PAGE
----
The mountain lion known as P-61 is struck and killed on 405 Freeway
A mountain lion that in July became the first GPS-tracked cougar to successfully cross the 405 Freeway was struck and killed on the freeway in the Sepulveda Pass early Saturday, officials said.
The 4-year-old male mountain lion known as P-61 is believed to have been killed about 4 a.m. on the freeway between Bel Air Crest Road and the Sepulveda Boulevard underpass, the Santa Monica Mountain National Recreation Area posted on its Facebook page.
The California Highway Patrol was alerted and called in Los Angeles Animal Control officers, who retrieved the cat’s body and radio collar and notified the state Department of Fish and Wildlife and researchers at the recreation area.
P-61, who was first captured and outfitted with a collar in October 2017, had previously crossed the busy 10-lane freeway near the Sepulveda Pass in the early morning hours of July 19, according to the recreation area. He was the first GPS-collared cougar tracked by state park officials to cross the freeway during a 17-year study of mountain lions in and around the Santa Monica Mountains.
Researchers are not sure why P-61 tried to cross the freeway again, according to the recreation area. Based on his GPS points, he had been staying close to the eastern edge of the 405. Officials said P-61 may have had a negative encounter with an uncollared male mountain lion that lives in that area, prompting the cat to try to move back west.
Other large cats have met their end trying to cross the 405. In 2011, P-18 was struck and killed by a vehicle in the same general vicinity. Two years earlier, an uncollared lion met the same fate.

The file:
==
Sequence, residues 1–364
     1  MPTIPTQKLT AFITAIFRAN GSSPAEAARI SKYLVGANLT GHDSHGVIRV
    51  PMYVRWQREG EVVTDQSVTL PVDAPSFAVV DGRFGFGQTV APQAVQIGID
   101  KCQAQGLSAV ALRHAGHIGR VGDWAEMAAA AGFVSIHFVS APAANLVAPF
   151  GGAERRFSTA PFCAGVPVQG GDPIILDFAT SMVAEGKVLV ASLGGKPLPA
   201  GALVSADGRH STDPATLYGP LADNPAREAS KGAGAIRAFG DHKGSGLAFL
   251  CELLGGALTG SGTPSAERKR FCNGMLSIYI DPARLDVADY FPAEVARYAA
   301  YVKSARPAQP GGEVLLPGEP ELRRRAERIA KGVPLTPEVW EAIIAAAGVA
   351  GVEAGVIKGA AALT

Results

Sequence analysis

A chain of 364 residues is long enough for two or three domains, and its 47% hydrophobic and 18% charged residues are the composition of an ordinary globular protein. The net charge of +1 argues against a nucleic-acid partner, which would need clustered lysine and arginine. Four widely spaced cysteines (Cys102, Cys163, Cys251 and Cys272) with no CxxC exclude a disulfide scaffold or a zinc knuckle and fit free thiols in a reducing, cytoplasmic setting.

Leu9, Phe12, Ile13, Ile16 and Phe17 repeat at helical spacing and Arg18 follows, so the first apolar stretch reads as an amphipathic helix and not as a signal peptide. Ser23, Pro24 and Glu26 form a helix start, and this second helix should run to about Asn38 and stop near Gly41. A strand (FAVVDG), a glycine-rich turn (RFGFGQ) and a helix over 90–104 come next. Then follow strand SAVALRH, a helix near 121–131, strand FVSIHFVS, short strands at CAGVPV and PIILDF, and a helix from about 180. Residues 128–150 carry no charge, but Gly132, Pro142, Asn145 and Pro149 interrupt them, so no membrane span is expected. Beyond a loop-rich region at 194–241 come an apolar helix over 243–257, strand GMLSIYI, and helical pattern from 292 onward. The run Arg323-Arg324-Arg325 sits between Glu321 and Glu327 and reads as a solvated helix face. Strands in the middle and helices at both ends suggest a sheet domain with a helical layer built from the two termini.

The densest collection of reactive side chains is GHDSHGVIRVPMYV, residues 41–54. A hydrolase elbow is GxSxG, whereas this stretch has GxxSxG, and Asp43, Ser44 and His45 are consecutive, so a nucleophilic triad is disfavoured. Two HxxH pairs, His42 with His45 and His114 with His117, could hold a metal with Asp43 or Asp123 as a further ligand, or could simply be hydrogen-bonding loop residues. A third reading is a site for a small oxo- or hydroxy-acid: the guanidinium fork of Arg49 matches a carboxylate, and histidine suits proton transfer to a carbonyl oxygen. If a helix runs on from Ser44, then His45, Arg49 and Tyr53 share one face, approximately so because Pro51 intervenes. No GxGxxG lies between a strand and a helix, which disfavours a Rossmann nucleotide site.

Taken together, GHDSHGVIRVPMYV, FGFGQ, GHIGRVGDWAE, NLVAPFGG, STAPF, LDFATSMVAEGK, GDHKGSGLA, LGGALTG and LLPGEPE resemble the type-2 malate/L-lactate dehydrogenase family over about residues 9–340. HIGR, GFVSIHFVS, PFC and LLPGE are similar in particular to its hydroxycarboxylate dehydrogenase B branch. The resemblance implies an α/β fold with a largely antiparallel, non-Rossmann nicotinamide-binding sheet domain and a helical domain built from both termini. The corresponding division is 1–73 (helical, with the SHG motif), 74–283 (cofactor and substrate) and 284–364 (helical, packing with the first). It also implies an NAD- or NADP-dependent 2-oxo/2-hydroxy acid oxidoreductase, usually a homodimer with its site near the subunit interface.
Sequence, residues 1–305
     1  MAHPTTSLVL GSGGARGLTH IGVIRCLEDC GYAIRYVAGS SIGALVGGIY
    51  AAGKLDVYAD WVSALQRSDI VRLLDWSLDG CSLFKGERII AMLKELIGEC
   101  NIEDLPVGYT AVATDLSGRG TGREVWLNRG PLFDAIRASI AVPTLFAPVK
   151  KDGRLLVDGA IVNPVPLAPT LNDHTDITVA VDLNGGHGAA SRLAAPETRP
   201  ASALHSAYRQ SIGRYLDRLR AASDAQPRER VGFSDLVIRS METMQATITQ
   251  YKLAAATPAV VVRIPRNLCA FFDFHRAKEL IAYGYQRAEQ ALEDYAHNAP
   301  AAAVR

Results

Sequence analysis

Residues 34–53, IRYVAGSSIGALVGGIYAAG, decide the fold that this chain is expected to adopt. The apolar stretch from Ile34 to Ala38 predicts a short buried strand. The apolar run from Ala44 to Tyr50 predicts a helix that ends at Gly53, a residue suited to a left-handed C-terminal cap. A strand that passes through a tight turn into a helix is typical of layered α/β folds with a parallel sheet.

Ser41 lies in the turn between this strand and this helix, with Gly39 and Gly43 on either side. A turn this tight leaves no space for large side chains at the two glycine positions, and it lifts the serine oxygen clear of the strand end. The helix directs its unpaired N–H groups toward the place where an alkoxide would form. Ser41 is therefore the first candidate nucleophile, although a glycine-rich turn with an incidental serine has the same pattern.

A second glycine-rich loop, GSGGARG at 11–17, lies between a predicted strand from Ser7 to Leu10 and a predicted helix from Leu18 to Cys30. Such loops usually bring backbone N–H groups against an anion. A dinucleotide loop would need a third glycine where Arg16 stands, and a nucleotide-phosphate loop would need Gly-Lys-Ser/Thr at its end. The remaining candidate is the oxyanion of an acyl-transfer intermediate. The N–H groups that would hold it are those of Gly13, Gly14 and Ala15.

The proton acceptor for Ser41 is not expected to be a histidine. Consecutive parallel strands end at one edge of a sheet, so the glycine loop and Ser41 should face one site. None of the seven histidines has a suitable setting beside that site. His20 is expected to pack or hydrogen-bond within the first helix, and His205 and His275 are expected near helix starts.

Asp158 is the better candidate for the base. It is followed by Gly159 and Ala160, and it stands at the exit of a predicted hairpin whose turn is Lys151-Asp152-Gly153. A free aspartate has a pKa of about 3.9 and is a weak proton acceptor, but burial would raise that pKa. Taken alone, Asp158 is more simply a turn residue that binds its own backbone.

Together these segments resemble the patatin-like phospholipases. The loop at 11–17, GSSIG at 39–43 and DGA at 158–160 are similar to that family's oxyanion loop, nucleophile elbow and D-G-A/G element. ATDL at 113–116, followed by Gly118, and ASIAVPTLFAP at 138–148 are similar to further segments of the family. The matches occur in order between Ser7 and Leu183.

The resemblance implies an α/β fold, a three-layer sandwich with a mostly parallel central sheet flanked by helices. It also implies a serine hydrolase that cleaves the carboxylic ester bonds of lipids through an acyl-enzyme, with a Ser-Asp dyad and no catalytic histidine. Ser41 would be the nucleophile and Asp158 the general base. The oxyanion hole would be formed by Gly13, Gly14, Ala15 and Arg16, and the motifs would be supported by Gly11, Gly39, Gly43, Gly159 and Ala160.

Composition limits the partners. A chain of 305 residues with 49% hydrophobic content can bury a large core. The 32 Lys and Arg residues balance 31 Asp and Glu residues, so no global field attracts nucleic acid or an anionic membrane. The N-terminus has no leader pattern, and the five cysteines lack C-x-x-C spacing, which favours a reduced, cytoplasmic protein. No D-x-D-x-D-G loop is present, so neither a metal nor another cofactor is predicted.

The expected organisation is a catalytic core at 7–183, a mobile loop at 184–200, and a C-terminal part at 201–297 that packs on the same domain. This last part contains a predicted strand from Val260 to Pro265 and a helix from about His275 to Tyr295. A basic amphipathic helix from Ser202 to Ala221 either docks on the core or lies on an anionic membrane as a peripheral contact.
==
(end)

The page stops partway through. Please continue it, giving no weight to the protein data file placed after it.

At least six bobcats were struck and killed by vehicles in the Santa Monica Mountains earlier this year.
As the mountain lions of Southern California approach what some experts call an “extinction vortex,” environmentalists are demanding that state officials grant the big cats protective status — a move that could potentially ban development on thousands of acres of prime real estate.
Freeways act as a barrier for the local mountain lion population. Of the 75 mountain lions that have been studied, researchers have typically found that many travel to the edge of freeways without crossing.
Plans are underway to build an $87 million wildlife crossing bridge on the 101 Freeway in Agoura Hills. The mostly privately-funded project, which is in its final design stages, is expected to break ground within two years, according to the California Department of Transportation.
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